Whereas in Europe and Asia, the Coronavirus mortality rate has in general affected an elderly generation, Dr Glandt expects a younger cohort to be affected in the US, where so many suffer from Metabolic Syndrome.
“Put plainly, we have become sick through the food we eat.” says the former Harvard graduate. “Refined sugar, refined oils, fat, preservatives have made us predisposed to strokes, cancer and cardiovascular diseases and have brought about so many of the life-threatening underlying diseases that are now making Coronavirus patients so critically ill.”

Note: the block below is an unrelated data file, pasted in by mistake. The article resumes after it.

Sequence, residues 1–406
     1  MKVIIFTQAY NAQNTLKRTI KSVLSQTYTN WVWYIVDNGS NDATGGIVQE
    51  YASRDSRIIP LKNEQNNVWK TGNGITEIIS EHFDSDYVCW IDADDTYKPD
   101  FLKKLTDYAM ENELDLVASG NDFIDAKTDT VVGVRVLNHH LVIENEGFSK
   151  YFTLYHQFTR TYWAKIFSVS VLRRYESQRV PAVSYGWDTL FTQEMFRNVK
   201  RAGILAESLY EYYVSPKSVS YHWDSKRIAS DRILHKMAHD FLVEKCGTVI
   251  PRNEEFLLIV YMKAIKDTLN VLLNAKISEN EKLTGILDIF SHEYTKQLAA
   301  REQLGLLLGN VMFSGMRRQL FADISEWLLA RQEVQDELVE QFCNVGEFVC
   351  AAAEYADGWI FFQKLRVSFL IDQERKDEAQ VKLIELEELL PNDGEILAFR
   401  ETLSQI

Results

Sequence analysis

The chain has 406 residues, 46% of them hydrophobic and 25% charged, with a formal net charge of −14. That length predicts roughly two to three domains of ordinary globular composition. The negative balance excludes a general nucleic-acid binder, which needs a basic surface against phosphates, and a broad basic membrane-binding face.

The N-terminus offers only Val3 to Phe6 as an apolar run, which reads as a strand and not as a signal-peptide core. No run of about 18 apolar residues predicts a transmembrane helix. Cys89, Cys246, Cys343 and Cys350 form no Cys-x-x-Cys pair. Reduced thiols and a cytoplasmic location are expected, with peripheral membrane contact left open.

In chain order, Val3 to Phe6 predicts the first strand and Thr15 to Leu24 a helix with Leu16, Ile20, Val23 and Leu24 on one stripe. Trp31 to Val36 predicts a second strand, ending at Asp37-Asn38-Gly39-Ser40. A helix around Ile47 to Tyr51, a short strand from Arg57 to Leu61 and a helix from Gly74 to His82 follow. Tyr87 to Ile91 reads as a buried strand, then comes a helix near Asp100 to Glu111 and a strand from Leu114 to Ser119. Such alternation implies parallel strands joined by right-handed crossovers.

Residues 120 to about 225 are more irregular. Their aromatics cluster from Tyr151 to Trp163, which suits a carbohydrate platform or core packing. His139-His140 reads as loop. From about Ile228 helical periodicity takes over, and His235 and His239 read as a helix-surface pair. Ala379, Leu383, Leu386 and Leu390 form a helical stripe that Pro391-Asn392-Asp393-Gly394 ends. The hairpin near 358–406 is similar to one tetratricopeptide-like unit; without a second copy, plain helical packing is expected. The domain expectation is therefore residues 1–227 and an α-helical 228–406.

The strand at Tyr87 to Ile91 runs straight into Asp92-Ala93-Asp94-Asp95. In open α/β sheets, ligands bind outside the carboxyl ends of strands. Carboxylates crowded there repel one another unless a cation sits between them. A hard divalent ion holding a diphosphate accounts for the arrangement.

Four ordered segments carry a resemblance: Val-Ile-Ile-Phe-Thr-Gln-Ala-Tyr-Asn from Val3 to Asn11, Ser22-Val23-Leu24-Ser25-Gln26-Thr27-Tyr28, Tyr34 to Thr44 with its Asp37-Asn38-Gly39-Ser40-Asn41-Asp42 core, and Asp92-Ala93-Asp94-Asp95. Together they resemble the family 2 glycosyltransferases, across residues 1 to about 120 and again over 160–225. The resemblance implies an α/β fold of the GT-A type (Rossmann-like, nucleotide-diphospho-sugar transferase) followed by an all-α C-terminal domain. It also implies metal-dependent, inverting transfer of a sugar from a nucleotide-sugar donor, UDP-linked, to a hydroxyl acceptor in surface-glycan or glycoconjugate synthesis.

Dr Glandt is a founder of EatSane, a Tel Aviv-based company that specializes in low carb alternatives that reduce the risk of Metabolic Syndrome. She believes the Coronavirus is a wakeup call for the world’s population to reset and not just treat the diabetes that is behind so many underlying health issues, but rather treat its root causes: “Going cold turkey on carbs is hard to sustain, but reducing your carb intake gradually is the effective way for people to reduce their levels of insulin and susceptibility to Metabolic Syndrome.”
More and more FoodTech companies are exploring how we can still enjoy our food, but still stay healthy to keep enjoying our food for years to come. As the effects of the worst pandemic to hit the modern world become clear, sugar-reducing innovations, such as low carb bread and low carb chocolate are solutions that the world badly needs as it looks to face up to the Coronavirus in the strongest metabolic state of health.
Small Companies with Big Data: Size Matters